# Page:Bright's Anglo-Saxon Reader.djvu/16

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AN OUTLINE OF ANGLO-SAXON GRAMMAR.

VOWELS AND DIPHTHONGS.

3. An approximate pronunciation of the vowels is indicated in the following table:

 a As in German Mann ā the preceding sound lengthened. æ like a in at, man. ǣ the preceding sound lengthened. e ${\displaystyle \scriptstyle {\left.{\begin{matrix}\ \\\ \end{matrix}}\right\}\,}}$ as in let, men ę ē the preceding sound lengthened, as in they. i as in hit, sit, in. ī the preceding sound lengthened, as in machine. o as in German Gott. ō the preceding sound lengthened, as in German so. ǫ as in not. u as in full, put. ū the preceding sound lengthened, as in rule. y like ü in German: hübsch, Brücke. ȳ the preceding sound lengthened, as in German grün. œ̄ like ö in German schön. ie ${\displaystyle \scriptstyle {\left.{\begin{matrix}\ \\\\\ \\\ \\\ \\\ \\\ \\\ \ \end{matrix}}\right\}\,}}$ These diphthongs (long and short) receive the stress upon the first element; the second elements, being unaccented, is very much obscured in pronunciation. The sound of ea, ēa is approximately that of æ+a, ǣ+a (perhaps more nearly æ+uh); otherwise the component parts of these diphthongs are to be pronounced as indicated above. īe ea ēa eo ēo io īo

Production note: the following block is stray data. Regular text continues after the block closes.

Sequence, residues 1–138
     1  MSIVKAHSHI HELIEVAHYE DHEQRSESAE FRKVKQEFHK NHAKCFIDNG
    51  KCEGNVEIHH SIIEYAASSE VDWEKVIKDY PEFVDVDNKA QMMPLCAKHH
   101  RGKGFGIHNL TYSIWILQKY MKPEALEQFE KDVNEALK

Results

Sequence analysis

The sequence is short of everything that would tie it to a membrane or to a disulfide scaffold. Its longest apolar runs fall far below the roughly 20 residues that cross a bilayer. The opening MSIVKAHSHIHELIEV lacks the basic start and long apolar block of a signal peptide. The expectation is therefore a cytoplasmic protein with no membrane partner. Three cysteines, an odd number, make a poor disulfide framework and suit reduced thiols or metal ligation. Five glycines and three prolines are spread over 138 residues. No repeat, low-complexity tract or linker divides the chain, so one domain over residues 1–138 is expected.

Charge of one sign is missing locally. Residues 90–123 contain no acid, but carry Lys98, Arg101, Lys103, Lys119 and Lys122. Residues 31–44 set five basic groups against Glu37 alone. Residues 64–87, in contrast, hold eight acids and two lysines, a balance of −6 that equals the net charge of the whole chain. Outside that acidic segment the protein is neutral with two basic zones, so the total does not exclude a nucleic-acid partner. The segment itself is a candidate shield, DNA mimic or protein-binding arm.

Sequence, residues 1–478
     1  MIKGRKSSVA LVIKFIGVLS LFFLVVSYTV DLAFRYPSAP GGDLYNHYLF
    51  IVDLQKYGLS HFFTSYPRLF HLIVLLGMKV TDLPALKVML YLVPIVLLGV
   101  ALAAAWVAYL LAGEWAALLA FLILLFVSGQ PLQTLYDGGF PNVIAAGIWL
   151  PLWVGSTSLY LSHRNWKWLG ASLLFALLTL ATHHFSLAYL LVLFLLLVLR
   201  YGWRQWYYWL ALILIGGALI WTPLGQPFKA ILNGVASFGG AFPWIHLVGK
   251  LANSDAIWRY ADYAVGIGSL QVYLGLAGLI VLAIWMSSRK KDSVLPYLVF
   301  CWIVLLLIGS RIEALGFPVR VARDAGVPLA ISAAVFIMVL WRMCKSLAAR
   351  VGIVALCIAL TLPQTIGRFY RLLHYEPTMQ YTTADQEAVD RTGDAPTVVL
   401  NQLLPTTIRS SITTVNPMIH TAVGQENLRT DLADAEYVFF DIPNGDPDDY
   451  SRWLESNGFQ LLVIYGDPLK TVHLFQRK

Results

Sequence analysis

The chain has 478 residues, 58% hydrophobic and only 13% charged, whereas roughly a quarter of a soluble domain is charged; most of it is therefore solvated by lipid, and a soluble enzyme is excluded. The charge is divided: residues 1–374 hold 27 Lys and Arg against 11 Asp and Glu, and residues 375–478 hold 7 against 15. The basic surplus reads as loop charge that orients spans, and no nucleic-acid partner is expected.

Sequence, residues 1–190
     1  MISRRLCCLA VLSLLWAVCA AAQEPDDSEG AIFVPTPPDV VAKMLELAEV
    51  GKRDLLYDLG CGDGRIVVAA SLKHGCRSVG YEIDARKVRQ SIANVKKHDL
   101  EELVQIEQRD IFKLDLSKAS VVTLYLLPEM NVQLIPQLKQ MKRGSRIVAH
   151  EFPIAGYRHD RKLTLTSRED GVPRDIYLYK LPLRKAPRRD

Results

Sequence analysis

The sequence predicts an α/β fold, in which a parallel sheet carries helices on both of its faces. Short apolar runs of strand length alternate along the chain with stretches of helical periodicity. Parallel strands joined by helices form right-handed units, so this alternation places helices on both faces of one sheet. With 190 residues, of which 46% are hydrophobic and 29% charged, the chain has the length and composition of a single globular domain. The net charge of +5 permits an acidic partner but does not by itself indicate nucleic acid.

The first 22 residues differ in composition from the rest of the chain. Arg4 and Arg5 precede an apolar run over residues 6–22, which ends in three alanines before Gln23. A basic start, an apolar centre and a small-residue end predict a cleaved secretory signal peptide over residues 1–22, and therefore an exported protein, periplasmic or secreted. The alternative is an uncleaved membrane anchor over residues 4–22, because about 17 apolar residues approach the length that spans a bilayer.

Note.—The diphthongs ie, īe are peculiar to EWS, where they, however, begin to change into i, ī; in LWS the most usual representation is y, ȳ. (S. §§ 22, 31, 41, 97.)